Tommy Emmanuel plays one of his much loved Maton signature acoustics—which is nicknamed “Yellow Mouse”—at a Jerry Reed tribute show at Nashville’s Cannery Ballroom on June 11, 2015. Photo by Andy Ellis
Most acoustic guitarists can do a little Travis picking—the syncopated fingerstyle approach pioneered by the legendary country guitarist Merle Travis—but few are inventive enough to use this technique as the foundation for new work. Chet Atkins was one of these players, as is Tommy Emmanuel, the Australian virtuoso and one of only five guitarists Atkins honored with his “Certified Guitar Player” award.
Now 60, Emmanuel has been a professional musician since the age of 6, when he and his siblings, under the direction of their father, began living out of a station wagon and playing in informal touring bands. Later Emmanuel emerged as a top-shelf session player in his native country. His electric-guitar work can be heard on albums by such Aussie rock groups as Air Supply and Men at Work.
But Emmanuel’s first love was fingerstyle acoustic and in recent years he’s developed a body of work that blends country, folk, pop, and jazz in the most tasteful—and often awe-inspiring—ways. In no situation is Emmanuel more impressive than when playing solo as a virtual one-man band. And so it’s a real treat that Emmanuel’s latest album, It’s Never Too Late, is his first new record of solo pieces in 15 years.
Speaking via Skype while kicking off a tour in Australia, Emmanuel examined his musical life for us, including his deep connection to Atkins. And, being fiendishly devoted to the guitar, he couldn’t help but pick up one of his Matons to demonstrate some of the inner workings of his music.
There’s such a wide roster of influences apparent in your playing. What first inspired you to take up guitar?
I started playing because my mother was playing music and I wanted to as well. So she bought me a little guitar for my 4th birthday and that got me started. My brothers and sisters took up instruments at the same time and before long we were a band. My first musical influences were country: Hank Williams, Jimmie Rodgers, Hank Snow, Jim Reeves—that’s what played in my house. I heard Chet Atkins on the radio. He was my biggest inspiration when I was young, and he changed the way we all listen to music.
Then there were Les Paul, Merle Travis, Duane Eddy, and of course also Buck Owens and Merle Haggard. I listened to all their records, and I learned as much as I could from players like James Burton and Roy Nichols. During my teens, I listened mostly to Don McLean, Gordon Lightfoot, Carole King, Neil Diamond, and other singer-songwriters. I just kept an ear out for all the good songs. I was really interested in what I could learn from the songs and how I could become a songwriter myself. Later on I discovered jazz, classical, and R&B. I like all kinds of music and I always have.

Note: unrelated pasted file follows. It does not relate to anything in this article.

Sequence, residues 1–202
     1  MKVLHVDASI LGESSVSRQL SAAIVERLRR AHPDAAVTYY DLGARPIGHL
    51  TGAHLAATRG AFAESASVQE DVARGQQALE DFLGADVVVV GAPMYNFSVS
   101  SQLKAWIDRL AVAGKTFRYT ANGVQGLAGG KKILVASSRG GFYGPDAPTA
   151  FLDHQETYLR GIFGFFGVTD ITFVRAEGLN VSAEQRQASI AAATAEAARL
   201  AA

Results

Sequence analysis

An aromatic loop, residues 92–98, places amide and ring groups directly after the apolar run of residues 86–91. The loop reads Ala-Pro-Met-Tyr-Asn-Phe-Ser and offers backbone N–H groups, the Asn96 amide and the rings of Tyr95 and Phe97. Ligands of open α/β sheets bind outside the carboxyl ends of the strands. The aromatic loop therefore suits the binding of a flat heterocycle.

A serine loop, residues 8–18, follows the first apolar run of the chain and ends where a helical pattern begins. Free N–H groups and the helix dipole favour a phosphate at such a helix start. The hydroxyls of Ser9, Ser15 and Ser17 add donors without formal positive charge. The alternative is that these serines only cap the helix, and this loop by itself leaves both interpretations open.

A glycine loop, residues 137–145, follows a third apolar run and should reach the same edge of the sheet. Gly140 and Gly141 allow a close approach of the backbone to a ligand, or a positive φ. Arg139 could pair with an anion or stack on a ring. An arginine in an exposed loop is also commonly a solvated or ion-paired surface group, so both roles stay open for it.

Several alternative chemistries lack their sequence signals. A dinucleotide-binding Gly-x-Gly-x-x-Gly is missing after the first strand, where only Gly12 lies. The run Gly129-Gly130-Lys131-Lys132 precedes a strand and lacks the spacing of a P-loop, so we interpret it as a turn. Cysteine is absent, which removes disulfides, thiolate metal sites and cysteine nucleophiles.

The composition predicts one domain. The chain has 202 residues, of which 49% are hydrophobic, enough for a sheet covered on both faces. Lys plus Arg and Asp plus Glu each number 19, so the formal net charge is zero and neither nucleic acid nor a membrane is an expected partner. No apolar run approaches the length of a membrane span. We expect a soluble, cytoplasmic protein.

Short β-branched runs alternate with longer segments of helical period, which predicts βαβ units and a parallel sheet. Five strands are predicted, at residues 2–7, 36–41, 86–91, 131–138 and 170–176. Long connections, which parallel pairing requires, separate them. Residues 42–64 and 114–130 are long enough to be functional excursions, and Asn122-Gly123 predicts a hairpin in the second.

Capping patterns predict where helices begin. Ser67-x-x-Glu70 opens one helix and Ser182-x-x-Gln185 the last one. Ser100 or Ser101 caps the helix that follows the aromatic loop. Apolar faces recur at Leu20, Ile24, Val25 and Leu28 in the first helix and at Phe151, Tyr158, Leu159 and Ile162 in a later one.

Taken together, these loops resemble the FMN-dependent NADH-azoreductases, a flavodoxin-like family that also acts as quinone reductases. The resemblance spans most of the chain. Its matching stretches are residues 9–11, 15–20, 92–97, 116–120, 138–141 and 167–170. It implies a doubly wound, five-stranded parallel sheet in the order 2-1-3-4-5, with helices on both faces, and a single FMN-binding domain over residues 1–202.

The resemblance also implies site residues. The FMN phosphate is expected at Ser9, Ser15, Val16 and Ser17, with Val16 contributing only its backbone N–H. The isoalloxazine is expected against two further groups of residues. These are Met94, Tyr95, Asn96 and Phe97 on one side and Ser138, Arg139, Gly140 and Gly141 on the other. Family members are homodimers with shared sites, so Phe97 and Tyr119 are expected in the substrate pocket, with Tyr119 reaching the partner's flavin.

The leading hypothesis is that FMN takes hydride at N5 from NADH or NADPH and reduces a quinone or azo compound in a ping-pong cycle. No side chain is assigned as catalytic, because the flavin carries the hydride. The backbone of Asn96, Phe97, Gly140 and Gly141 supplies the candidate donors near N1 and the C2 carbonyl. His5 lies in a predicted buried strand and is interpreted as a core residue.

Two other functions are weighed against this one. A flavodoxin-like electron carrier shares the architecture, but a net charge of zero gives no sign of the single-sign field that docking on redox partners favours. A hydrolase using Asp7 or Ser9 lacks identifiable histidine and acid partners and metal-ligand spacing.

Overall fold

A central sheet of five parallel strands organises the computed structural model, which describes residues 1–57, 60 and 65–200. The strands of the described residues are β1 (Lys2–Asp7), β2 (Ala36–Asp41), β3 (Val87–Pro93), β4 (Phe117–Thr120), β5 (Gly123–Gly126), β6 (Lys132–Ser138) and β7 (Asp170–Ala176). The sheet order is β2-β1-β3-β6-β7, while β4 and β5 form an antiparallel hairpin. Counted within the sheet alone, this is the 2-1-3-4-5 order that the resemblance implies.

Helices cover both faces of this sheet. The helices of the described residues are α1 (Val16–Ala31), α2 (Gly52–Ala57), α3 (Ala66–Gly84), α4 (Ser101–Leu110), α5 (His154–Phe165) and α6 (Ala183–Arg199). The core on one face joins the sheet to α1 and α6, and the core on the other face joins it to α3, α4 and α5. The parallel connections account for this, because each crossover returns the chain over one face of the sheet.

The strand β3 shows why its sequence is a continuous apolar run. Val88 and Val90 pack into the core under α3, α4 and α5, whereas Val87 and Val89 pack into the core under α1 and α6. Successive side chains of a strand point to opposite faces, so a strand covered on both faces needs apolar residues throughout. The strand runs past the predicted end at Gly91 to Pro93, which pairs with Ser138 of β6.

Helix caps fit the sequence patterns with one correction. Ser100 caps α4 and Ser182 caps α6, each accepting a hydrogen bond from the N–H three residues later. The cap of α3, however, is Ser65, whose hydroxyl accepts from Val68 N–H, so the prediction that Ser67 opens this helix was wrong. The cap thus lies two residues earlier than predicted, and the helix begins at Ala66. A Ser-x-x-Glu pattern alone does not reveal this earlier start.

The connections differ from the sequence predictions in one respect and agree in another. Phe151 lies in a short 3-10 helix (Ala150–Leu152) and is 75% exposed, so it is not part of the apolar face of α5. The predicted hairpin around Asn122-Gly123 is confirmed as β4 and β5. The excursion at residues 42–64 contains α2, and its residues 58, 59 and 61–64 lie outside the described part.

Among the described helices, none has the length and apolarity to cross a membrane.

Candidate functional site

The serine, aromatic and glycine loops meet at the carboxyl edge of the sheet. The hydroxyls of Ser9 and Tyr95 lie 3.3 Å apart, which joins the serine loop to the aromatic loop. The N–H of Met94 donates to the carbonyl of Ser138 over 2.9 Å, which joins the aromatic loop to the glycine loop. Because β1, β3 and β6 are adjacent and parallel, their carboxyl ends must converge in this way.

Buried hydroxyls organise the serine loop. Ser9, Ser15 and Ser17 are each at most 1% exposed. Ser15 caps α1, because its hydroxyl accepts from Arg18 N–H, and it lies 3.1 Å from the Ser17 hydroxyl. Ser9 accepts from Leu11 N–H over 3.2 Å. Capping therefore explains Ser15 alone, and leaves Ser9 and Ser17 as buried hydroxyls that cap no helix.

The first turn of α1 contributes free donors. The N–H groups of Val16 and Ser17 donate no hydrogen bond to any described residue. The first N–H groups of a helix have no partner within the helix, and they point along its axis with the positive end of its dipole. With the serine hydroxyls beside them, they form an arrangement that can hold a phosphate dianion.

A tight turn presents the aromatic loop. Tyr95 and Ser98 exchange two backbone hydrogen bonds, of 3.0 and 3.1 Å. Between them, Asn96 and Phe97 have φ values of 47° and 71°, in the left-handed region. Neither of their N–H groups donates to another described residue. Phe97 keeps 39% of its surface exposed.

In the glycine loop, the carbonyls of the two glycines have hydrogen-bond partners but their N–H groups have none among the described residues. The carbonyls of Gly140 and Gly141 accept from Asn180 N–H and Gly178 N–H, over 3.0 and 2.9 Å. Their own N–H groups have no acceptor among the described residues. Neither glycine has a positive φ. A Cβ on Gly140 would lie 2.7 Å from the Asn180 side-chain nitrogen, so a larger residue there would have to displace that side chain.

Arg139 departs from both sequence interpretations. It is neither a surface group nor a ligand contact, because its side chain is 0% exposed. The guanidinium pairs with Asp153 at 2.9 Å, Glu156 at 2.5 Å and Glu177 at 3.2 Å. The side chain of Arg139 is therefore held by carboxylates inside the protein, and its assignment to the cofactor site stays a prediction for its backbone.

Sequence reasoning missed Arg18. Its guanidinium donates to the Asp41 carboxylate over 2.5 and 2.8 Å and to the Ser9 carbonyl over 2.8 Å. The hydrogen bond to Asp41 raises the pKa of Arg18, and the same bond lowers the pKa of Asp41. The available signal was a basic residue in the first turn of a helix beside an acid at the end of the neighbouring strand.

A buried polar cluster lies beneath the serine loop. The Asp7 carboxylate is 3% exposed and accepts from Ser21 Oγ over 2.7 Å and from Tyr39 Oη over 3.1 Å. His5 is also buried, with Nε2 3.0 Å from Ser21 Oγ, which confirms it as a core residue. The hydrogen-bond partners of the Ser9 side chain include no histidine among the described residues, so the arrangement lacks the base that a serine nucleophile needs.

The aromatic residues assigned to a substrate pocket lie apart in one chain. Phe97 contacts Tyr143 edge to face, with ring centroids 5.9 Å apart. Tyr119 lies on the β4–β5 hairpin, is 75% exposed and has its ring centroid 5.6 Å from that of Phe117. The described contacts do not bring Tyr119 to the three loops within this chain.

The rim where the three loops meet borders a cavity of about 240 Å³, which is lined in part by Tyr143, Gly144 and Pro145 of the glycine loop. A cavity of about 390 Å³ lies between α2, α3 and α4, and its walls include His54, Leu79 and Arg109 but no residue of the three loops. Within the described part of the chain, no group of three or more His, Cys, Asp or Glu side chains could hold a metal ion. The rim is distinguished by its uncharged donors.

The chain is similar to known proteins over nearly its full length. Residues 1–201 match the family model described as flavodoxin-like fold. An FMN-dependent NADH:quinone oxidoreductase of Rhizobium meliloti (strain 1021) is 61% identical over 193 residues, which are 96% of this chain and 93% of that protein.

Tell us about some of those good songs.
Hank Williams and Jimmie Rodgers were my first big influences—I learned all their songs. Merle Travis with “Nine Pound Hammer” and Doc Watson with “Deep River Blues” were big as well. I listened to a lot of Tony Rice’s stuff back in the ’70s. And, of course, along the way came Larry Carlton and Lee Ritenour and people like that. I bought all their albums and tried to steal as much as I could. Like everyone else, I checked out jazz guitarists like Wes Montgomery and Django Reinhardt. I got into classical for a while and listened to Julian Bream and Andrés Segovia, and also Paco de Lucía, who were such an inspiration to me, and to this day, probably the best guitar player I’ve ever witnessed.
You became a professional at age 6. What was that like?
It was a lot of fun because being a kid you didn’t notice all the hardships so much. I’m sure my parents did, dragging six kids around the country and trying to make a living. A lot of times I’m sure my mother had to perform a miracle to pull a meal out of the air. But for us it was fun—we enjoyed playing music and we met a lot of kids our age along the way, played games and went fishing, that kind of stuff.
What have you taken from those years?
It was a good start to my career, that’s for sure. I learned how to work hard and get out there and play, no matter how I was feeling. And things are a lot better now obviously. I’m actually living the dream I had back then when I’d fantasize about touring the world, playing in beautiful halls. I kept my dream alive and eventually got there. I’m still working like crazy at it, but it’s extremely fulfilling and challenging for me. It keeps me pumped about what I’m doing.
Given that guitar instruction wasn’t nearly as accessible in your formative years as it is now, how did you learn to play in your signature contrapuntal style?
When I started, there was nobody around who could explain what Jerry Reed and Chet Atkins were playing, so I had to figure it all out by ear. I’d get the record, stack coins on it to slow it down, and try to work out some of the more complex parts. There were some books—Chet Atkins Note-for-Note and Jerry Reed Heavy Neckin’—but I couldn’t read the music notation, so I looked at the photos and that’s about it. I had to work it out myself.
Every now and again I’d run into someone who had figured out more than me and I’d say, “How does that go?” and they’d show me. I’d always love it when I’d run into guys who were much more advanced because we’d stay up all night showing each other stuff.